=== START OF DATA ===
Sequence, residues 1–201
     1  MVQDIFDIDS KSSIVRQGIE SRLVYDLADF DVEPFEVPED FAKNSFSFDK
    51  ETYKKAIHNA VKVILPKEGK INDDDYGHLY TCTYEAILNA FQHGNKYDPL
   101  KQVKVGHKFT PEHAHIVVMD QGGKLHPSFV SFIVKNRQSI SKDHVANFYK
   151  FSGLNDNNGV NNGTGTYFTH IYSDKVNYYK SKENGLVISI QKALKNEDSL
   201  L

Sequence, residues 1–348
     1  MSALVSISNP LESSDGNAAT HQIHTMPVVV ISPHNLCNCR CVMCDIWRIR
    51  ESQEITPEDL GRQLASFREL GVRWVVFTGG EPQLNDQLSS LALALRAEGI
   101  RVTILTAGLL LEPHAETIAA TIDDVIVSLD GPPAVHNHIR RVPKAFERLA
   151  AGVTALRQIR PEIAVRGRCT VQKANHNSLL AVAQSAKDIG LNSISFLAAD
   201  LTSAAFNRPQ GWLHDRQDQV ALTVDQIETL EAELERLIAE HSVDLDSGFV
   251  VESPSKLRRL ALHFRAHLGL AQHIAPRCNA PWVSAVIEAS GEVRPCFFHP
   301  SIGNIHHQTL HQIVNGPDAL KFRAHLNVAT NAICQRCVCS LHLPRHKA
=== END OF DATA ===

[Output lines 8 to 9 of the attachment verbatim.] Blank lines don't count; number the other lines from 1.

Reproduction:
     1  MSALVSISNP LESSDGNAAT HQIHTMPVVV ISPHNLCNCR CVMCDIWRIR
    51  ESQEITPEDL GRQLASFREL GVRWVVFTGG EPQLNDQLSS LALALRAEGI